Gig Economy Project – Spanish study finds Uber, Bolt and Cabify charge customers more in poor neighbourhoods than rich ones

First-of-its-kind study also claims that private hire platforms in Spain indirectly price fix and break labour laws. Read the full report in English here.

Press conference to launch the study (Picture by TAS)

A ground-breaking study examining the algorithms of private hire platforms in Spain has found that Uber, Cabify and Bolt are in breach of competition, labour and consumer protection laws due to indirect price fixing, algorithmic punishments of drivers, and geographic price discrimination. 

The study, which was published on Wednesday [29 March], was conducted by Eticas, a research and consulting company specialising in algorithmic auditing, Taxi Project 2.0, a taxi worker think-tank, and the Observatory of Work, Algorithms and Society (TAS), a new institution established at the end of 2022 to investigate the platform economy from a worker perspective.

The “adversarial audit of ride-hailing platforms” used a combination of digital tools and traditional methods to independently examine the ‘black box’ algorithms which are kept hidden from workers and consumers alike.

On consumer protection, the authors gathered Uber, Cabify and Bolt passenger data on fares for 20 routes from Madrid and Malaga, in different neighbourhoods with varying levels of income. They found that, because wealthier neighbourhoods tend to use private hire platforms more, the supply of VTC drivers to those areas was easier and thus the pricing algorithms maintained lower prices as there was less need for incentives to attract drivers. To attract drivers to poorer neighbourhoods where there was less demand, the algorithm set prices higher.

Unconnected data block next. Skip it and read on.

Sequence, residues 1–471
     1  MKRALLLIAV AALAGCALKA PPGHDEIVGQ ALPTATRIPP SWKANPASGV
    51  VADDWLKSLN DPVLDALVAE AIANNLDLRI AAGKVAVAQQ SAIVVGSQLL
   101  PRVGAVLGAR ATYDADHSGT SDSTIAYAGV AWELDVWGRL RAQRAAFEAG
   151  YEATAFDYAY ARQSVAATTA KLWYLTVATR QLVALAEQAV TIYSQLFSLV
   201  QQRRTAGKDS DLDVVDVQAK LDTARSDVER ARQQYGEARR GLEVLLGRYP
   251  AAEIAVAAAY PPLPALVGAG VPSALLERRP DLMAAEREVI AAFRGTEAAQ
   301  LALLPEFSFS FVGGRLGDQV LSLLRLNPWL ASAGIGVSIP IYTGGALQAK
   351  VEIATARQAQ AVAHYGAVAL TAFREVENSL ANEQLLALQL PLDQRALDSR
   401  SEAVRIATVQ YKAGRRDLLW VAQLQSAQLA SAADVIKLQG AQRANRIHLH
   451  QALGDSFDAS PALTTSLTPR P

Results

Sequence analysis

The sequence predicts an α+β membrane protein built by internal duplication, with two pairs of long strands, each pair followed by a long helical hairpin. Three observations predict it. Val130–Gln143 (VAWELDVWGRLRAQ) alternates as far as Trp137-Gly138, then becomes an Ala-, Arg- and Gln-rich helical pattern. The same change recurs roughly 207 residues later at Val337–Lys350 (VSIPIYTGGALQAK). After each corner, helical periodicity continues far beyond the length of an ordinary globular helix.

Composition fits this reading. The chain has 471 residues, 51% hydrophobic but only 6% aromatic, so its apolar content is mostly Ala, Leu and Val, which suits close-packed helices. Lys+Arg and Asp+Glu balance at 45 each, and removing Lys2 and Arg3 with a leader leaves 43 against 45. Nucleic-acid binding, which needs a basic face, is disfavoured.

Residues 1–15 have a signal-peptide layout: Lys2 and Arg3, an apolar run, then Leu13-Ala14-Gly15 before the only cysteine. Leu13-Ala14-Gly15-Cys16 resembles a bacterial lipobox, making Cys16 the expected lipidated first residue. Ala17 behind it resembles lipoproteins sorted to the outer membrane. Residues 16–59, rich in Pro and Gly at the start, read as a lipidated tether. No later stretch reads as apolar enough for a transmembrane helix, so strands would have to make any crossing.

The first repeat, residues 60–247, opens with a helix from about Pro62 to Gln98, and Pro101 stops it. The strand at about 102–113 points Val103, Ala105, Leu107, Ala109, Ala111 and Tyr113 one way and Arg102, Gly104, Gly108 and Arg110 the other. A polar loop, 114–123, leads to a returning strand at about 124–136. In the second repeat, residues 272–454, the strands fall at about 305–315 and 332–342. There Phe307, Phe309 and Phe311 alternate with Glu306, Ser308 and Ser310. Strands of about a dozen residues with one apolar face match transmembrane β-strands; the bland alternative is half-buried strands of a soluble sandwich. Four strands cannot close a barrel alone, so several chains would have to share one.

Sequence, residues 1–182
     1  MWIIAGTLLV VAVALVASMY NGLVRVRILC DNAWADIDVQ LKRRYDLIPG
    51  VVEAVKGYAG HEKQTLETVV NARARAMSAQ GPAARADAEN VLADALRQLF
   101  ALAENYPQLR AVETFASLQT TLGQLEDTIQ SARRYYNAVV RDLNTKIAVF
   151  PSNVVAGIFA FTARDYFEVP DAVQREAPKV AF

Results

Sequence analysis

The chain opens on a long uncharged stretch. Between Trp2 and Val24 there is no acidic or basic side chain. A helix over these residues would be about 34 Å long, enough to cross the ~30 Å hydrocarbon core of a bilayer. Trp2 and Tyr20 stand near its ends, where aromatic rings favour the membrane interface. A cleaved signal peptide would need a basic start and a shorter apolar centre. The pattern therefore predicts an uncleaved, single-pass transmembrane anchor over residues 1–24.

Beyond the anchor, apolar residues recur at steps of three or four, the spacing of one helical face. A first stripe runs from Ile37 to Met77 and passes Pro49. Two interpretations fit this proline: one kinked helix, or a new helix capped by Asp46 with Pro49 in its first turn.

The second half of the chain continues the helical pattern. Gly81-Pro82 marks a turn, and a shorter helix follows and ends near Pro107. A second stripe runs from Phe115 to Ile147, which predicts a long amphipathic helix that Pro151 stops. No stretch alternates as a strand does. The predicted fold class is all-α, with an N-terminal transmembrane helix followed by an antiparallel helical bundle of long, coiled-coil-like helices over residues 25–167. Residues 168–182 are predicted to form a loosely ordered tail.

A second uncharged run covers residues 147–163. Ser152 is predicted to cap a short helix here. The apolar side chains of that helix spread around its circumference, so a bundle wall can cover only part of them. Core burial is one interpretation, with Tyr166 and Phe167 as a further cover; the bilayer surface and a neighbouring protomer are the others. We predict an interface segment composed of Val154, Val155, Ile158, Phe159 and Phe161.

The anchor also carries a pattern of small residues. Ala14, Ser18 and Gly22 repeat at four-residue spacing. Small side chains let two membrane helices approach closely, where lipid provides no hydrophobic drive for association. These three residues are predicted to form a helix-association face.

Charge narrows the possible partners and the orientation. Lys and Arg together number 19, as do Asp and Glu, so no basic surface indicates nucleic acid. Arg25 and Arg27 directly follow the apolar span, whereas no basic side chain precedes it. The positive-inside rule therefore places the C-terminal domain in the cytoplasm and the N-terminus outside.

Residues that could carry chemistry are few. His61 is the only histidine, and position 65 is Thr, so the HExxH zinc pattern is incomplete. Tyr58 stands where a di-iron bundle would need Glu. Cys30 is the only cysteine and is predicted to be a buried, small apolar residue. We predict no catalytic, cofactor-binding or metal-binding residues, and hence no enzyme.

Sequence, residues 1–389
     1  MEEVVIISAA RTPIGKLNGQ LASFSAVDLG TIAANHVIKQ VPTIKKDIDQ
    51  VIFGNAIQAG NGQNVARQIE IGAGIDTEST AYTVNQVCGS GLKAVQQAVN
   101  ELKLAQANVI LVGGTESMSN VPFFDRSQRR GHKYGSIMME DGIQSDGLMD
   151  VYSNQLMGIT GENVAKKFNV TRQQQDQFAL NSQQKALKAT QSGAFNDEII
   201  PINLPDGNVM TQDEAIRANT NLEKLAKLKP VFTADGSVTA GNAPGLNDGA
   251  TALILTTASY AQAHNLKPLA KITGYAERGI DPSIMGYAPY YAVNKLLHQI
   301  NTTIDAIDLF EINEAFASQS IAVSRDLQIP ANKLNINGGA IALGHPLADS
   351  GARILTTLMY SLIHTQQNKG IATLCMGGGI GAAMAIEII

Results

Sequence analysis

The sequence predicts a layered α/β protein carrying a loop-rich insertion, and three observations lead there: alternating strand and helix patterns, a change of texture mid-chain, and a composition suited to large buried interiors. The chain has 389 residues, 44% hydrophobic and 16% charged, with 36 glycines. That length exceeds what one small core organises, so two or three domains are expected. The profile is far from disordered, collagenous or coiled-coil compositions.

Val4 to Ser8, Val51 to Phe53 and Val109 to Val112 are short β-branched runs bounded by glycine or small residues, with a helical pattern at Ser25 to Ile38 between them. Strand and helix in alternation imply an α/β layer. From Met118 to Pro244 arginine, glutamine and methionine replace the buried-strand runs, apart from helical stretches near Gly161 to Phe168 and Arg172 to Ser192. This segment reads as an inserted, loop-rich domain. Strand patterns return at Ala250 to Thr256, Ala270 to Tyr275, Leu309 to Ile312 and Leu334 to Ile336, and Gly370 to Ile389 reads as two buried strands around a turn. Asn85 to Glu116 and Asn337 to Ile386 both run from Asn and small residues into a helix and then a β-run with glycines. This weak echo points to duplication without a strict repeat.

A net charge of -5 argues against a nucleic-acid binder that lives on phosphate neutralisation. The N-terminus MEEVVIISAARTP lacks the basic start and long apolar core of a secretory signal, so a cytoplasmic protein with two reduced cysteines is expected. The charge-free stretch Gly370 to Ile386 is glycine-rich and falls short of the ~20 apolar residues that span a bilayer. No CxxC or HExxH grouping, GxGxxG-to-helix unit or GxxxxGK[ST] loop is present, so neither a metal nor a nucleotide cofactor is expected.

“The result is that you are discriminating against customers based on their income level,” Gemma Galdón, founder of Eticas, said. “If I have to take a VTC to go to the hospital and I live in a low-income neighbourhood, they are going to charge me more for the trip than if I lived in a wealthy neighbourhood.”

This pricing policy could be in breach of Spain’s ‘General Law for the Defense of Consumers’, which protects consumers from discrimination based on place of residence.

The report also claimed to have evidence of indirect “algorithmic price fixing”. Academic studies have indicated that similar or self-learning algorithms tend towards systematic collusion, even in the absence of direct co-ordination. In this study, the prices of routes in Madrid and Andalusia over a three month period are examined through a combination of data scraping and the “sock-puppet” method, where automated trip requests were sent every 10 minutes between October and January 2022. 

“The pricing algorithms of Uber, Cabify and Bolt are colluding in some of the most important routes in Andalusia and Madrid,” the authors’ write. “Despite the fact that there is no explicit agreement between the companies, there are indications of indirect price fixing through algorithms. This creates unequal competition conditions and harms other market agents, such as traditional taxis and new operators.”

This would also be in breach of the Law 15/2007 on the Defense of Competition in Spain, which considers the “fixing, directly or indirectly, of prices or other commercial or service conditions” to be “collusive conduct”.